So the truth is that when we say do our girls even notices these things, it depends; our children who are born and bred in Nigeria, let’s talk about that, they don’t particularly think about racism. The things that we have to think about are very different, which for me are still things that we picked away from this conversation; things like choosing their partner who their partner will be.
Tribalism in Nigeria and How it affects our children
We’re looking at this situation and story and thinking, why are we even talking about it? It’s because a lot of us Nigerians love the royal family in all of us, I guess also because of our history, there’s an affinity for the British that we have. And the main thing to talk about is the fact that people will always face challenges, and it’s how you handle those challenges that matter. Because it’s interesting to me that people are divided into two, some people are blaming Meghan; saying she came to drive the royal family apart.
And there are people on the other hand, who are applauding Harry and saying, look a man that is standing up for his wife. He realized that she’s struggling, and he was willing to step up and say he’s not going to let his wife suffer in silence; chose to make a very difficult decision to leave the family he’s grown up in, for the family that he has chosen. He has decided that is so important that if it’s going to destroy her or destroy them, he’s going to step away.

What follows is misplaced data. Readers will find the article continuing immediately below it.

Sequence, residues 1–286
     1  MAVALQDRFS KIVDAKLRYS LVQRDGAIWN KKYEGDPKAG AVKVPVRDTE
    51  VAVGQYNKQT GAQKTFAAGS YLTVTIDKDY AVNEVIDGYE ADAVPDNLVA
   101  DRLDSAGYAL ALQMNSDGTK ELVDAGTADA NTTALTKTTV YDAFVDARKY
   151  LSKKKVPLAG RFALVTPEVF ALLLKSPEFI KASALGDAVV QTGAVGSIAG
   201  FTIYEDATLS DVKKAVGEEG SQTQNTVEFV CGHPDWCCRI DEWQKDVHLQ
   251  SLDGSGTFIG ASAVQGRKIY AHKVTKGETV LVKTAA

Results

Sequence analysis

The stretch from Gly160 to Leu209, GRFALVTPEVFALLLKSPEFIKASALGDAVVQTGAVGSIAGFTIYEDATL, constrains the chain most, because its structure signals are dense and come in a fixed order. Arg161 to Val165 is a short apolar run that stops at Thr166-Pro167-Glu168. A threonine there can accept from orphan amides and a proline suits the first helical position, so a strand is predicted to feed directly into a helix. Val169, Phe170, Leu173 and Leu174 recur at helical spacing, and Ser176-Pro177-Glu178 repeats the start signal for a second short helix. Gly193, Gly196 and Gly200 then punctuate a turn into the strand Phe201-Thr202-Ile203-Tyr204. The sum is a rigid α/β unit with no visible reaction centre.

So I feel that is the direct correlation that we should be talking about; using that to talk to our young people that are dating. Are you dating somebody who’s going to stand up for you, or is it somebody that’s going to say; ‘that’s just how we are here, so you just have to get with the program’.
Conversations parents should have with their children
Parents can say one thing and then what they leave out is very different; and I think for parents, that is what happens when it comes to the marriage stage of conversations. Marriage is challenging because it’s two people coming together to create their new nation. They are bringing some good and some bad from how you were raised, your view of the world, coming together to create your own story. Because of that fear, sometimes that marriage is so challenging. Parents seem to fall on the side of saying, “marry somebody that is like you”; to reduce the potential for drama, learning a new culture, or a new way of living.
For some parents, when the children were young, they have no problem with who their friends are; they can have friends in many parts of Nigeria for example, they don’t care. Then the minute they bring in that same person of a different culture and tribe, the parents start saying “No you can’t”. It causes some confusion, especially for children today that see themselves as citizens of the world; they don’t see these differences. All they see is another individual, that they either like or love.